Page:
The aim of this investigation was to perform a biomechanical comparison between 1- and 2-screw systems used for the treatment of intertrochanteric fractures for centralized and decentralized placement of femoral neck screws of failure loads, stiffness, survival rates, tip apex distance (TAD), and failure mode.
As fracture model, an AO 31A2.3 fracture was used. Twelve pairs of human cadaver femora were tested. Femoral neck screws were implanted in the femoral head in center/center, posterior/central, and anterior/superior position in axial/frontal plane. A single-screw system (Gamma 3 Locking Nail; Stryker GmbH & Co. KG) and a 2-screw system (Trigen-Intertan; Smith & Nephew GmbH) were used. To simulate the load in situ, a cyclic load was carried for 10,000 cycles in a material testing machine. If no cyclic failure occurred, femora were loaded until the failure. The systems were compared according to the stiffness, survivability through 10 k cycles, TAD, and load to failure.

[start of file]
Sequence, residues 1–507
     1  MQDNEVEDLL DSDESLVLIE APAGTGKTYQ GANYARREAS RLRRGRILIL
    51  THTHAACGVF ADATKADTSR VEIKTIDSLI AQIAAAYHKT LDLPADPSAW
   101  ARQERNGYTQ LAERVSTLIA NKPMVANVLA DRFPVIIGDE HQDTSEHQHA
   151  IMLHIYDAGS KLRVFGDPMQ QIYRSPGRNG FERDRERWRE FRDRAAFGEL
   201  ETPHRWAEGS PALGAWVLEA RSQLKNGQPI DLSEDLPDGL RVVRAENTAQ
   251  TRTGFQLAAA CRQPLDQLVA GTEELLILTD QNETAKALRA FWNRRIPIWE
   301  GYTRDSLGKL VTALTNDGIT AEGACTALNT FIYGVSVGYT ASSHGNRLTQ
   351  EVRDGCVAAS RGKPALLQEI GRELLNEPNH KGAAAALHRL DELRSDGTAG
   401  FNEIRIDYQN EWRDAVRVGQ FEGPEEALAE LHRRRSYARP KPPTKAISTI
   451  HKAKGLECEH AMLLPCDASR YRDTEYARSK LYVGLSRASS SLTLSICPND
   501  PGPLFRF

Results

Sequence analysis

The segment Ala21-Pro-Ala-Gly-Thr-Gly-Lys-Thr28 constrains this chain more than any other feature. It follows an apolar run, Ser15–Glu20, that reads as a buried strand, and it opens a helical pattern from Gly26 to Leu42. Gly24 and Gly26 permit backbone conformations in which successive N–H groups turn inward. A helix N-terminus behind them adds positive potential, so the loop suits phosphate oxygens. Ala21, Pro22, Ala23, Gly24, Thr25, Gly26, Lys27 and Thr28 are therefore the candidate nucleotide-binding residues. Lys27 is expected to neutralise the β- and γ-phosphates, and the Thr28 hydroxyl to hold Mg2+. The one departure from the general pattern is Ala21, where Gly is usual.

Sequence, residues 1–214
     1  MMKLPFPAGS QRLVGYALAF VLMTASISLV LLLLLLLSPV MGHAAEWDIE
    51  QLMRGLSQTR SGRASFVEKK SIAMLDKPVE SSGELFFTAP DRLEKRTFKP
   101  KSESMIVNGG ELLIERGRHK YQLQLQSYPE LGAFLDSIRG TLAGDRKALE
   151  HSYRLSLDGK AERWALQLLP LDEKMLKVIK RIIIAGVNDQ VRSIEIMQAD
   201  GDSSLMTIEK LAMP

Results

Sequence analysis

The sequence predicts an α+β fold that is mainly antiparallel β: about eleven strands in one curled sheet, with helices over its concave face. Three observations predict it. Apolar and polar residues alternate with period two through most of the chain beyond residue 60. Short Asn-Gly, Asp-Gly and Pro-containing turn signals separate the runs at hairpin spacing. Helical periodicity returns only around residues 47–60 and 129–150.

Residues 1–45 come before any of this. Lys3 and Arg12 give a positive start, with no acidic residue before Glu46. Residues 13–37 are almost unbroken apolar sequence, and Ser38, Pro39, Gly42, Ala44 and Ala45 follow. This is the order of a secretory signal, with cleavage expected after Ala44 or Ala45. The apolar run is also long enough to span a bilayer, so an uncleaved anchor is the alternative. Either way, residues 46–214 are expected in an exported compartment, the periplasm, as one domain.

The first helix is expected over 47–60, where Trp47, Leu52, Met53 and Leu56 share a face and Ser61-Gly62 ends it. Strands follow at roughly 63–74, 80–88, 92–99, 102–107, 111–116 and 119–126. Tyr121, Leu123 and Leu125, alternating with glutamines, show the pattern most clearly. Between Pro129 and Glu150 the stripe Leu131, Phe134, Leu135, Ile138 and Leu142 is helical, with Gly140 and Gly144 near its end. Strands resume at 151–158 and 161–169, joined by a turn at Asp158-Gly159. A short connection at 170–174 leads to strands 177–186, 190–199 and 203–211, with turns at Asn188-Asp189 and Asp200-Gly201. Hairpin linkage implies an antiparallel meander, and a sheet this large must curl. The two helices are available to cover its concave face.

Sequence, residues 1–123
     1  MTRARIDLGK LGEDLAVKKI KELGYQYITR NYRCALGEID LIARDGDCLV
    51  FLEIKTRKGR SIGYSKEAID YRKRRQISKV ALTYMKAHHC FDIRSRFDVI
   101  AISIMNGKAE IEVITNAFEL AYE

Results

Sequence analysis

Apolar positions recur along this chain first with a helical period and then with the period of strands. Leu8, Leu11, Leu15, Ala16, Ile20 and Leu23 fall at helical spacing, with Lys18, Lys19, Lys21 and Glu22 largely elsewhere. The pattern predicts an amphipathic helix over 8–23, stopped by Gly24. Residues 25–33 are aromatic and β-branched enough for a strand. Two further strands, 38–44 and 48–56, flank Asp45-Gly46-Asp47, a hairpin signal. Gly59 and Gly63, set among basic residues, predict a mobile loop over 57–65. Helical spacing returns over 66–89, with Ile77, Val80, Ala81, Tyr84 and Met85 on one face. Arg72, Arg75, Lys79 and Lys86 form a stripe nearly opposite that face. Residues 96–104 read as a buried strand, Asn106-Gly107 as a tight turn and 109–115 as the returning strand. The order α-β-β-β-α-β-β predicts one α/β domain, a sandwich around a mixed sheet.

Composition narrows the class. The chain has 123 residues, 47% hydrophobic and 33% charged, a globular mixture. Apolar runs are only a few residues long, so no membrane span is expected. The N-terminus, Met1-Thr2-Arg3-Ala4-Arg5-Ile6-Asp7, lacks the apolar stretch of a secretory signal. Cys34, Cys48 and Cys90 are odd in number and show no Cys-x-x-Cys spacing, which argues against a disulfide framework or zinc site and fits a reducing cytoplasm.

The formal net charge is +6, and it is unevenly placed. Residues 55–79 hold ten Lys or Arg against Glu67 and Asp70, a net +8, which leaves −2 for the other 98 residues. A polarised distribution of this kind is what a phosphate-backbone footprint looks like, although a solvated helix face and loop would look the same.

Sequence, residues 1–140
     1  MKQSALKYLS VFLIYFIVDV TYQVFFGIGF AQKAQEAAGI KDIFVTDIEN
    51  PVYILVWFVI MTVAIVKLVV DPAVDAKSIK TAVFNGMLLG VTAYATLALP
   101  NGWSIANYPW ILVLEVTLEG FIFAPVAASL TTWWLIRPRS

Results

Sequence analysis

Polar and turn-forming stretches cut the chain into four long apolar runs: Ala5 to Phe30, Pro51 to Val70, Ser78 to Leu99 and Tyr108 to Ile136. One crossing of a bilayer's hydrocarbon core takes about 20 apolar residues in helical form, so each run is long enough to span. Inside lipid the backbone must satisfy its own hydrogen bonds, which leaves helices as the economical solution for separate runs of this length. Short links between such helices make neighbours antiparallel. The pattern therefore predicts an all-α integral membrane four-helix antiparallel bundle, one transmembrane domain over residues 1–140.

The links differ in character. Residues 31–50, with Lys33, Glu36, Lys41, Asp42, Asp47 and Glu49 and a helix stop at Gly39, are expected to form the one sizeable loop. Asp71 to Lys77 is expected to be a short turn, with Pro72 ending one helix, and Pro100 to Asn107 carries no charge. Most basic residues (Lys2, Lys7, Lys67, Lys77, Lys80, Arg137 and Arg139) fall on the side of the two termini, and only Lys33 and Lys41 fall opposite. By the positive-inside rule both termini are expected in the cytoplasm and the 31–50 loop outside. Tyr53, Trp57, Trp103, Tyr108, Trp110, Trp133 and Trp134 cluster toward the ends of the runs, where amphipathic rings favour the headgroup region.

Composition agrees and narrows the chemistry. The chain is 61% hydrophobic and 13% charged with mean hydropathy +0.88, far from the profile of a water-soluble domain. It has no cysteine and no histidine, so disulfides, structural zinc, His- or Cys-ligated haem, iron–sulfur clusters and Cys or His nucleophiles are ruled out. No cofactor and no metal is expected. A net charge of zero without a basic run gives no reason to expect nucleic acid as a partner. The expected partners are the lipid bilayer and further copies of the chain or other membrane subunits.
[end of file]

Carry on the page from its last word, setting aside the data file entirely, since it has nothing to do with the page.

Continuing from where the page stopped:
None of the tested bones failed at center/center location in the decentralized positions 3 Gamma Nail and 2 Intertan specimens failed during cyclic testing. The 2-screw system resisted higher forces in all positions (Gamma: 5370N ± 1924, Intertan: 7650N ± 2043; P
Based on these data, it is clear that both the nail systems showed a higher biomechanical stability with a lower TAD. The 2 specimens that failed with the Intertan in the cyclic tests had a TAD ≥49 mm. The cutout failures that we detected during cyclic testing in the Gamma system had a TAD ≥30 mm. Thus, it is clear that the TAD affects failure independent of the implant used. With a less than ideal lag screw
placement, however, the Intertan system with 2 integrated screws was able to withstand higher loads in this study.